In Her Chair

One very special community trip I made with Solomon (director of the special needs clinic) and a few others happened back in August before I got sick. I don’t want to miss sharing these photos with you and holding the memories for our family here on the blog. These visits are one of my absolute favorite things I get to do here. Spending time with families, and especially praying with and supporting the mamas, is what God has prepared my heart for. On this particular visit, we traveled to the home of little U to deliver her new wheelchair. Just look at this beautiful girl, finally sitting in her long-awaited chair!

As we exited the car on the narrow dirt road outside U’s home, her mother caught her first glimpse of the wheelchair. It was moving to see her response to something we so often take for granted – access to medical equipment that is completely life-changing.

Lots of neighborhood kids came to see what all the commotion was about.

A moment later, U’s grandfather joined us on the road to help carry the wheelchair into the yard. We carefully made our way through the wire fence to help situate the chair for U and to meet her family.

It’s such an honor in Kenya to be invited into someone’s home. It was incredibly special to be welcomed by U’s grandfather and given a place to sit on a small couch inside.

Sweet U was a little shy with visitors in the house. She sat quietly while her grandfather spoke, fingering the bright fabric on her chair. There was no missing the twinkle in her eye.

Nearly all of U’s family was present for the delivery of the wheelchair. Her grandmother and grandfather, her aunt and uncle, her mother, and shortly afterward, her father arrived home from work. This was indeed a very memorable occasion for them all. As is tradition here, we were given a formal welcome by the head of the house. After that time, Solomon gave a very moving talk about the beauty God sees in U and how important her life is. He then shared the Good News of Jesus’ death and resurrection and what that means for each of us today. Solomon has an incredible heart for sharing Jesus with every family and patient he encounters. I know I’ll learn a lot from him in the years ahead.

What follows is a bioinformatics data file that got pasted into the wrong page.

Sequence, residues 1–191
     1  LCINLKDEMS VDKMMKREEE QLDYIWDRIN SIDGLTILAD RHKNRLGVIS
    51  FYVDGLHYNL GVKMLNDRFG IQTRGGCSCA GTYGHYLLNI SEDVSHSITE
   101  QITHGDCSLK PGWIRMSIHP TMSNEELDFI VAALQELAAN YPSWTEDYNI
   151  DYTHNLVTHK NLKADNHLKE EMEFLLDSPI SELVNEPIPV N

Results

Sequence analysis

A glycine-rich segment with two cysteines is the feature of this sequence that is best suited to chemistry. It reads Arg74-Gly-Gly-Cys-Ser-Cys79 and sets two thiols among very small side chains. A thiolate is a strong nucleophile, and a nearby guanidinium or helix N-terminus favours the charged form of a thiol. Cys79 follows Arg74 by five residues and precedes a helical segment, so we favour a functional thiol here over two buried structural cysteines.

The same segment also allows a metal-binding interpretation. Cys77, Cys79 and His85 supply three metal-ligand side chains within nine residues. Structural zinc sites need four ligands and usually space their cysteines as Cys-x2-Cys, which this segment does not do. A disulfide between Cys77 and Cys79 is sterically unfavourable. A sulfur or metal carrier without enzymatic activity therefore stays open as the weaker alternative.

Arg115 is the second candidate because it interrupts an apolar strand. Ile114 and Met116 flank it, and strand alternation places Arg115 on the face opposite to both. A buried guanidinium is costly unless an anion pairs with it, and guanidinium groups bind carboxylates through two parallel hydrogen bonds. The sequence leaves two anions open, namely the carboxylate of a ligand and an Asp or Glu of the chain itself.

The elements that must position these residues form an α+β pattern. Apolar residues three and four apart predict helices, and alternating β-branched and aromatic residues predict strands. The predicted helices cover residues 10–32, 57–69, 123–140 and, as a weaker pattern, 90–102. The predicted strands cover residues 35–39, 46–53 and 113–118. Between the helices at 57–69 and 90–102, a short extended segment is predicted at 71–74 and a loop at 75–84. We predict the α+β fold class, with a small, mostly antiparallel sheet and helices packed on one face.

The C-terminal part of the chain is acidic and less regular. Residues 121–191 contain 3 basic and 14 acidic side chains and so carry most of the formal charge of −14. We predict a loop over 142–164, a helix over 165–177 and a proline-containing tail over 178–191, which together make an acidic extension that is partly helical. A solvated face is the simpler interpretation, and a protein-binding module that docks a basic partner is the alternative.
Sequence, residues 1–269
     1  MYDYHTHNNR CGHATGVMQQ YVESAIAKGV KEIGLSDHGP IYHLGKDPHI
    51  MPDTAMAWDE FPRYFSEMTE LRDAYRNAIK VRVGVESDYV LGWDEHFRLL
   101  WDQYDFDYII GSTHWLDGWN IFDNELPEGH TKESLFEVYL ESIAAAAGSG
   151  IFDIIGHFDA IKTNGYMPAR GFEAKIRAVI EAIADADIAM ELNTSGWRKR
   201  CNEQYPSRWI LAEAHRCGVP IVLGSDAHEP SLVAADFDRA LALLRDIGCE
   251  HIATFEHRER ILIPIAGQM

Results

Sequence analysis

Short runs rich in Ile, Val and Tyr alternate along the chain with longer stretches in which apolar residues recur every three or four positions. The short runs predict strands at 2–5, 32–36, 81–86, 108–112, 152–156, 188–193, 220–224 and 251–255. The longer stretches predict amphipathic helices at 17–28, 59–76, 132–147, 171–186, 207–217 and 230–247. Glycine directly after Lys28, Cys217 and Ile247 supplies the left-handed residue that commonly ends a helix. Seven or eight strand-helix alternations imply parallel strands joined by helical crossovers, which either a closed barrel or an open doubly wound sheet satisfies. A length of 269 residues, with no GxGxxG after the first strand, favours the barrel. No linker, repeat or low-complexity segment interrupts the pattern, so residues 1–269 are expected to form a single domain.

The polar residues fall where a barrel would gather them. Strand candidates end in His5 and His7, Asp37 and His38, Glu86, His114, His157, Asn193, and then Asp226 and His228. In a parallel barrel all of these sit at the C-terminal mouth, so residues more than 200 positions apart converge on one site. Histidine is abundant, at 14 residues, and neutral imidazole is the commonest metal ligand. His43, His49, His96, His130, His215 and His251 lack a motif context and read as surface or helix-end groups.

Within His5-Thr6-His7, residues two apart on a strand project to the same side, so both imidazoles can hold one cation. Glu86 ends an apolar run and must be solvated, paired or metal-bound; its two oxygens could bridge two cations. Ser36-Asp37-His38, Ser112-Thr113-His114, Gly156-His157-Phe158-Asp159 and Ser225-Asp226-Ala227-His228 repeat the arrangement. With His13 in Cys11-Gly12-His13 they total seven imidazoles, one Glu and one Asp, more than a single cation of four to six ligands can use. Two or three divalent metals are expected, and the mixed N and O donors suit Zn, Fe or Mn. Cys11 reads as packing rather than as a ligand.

Following the greeting and Solomon’s talk, we were each given a cup of steaming chai. Chai is served everywhere here! It’s made with hot milk, lots of sugar, spices, and the black tea grown in the fields surrounding us.

I’m still getting used to how hot it is when served. Our Kenyan friends drink it when it’s practically still boiling, but I prefer to wait a few minutes. Or fifteen.

U’s family was excited to try her wheelchair outside. It was a little bumpy, but it was clear she was happy to be sitting on her own.

Here you can see all of U’s family along with the group of us who went out with Solomon (front left). I was taking the photo.

U’s grandfather showed us the land surrounding his home.

So green and lush. Most of that is tea.

A few neighbor kids waited near the gate for us and loved having their picture taken.

I’m happy to share that I’ve seen U and her mama at the special needs clinic since the delivery of U’s wheelchair. I love seeing the same mothers return on Friday mornings. It’s not easy for many of them to travel all the way to the clinic, but they are working incredibly hard to get the help their children need. Please keep praying for them! They are fighting against the long-held stigma that children with special needs are not worthy of education, attention, or even love. But God sees them differently. They are fearfully and wonderfully made (Psalm 139:14). We continue to believe that and work to share that message!


2 Responses to In Her Chair

  1. Tina Gibbs says:

    I am here weeping! I love this so much and am so humbled to be able to pray for you as you minister to the families with special needs there in Kenya. This is so my heart. Love you and praying!

  2. Anna DeLaRosby says:

    Oh my, this brings tears to my eyes. Working with children with mobility challenges is what prompted me to become a physical therapist. Increased mobility, and even more, independence in mobility is truly life altering. You have given a gift that will change the whole trajectory of this precious life. Thank you for sharing the story and for the work that you are doing.

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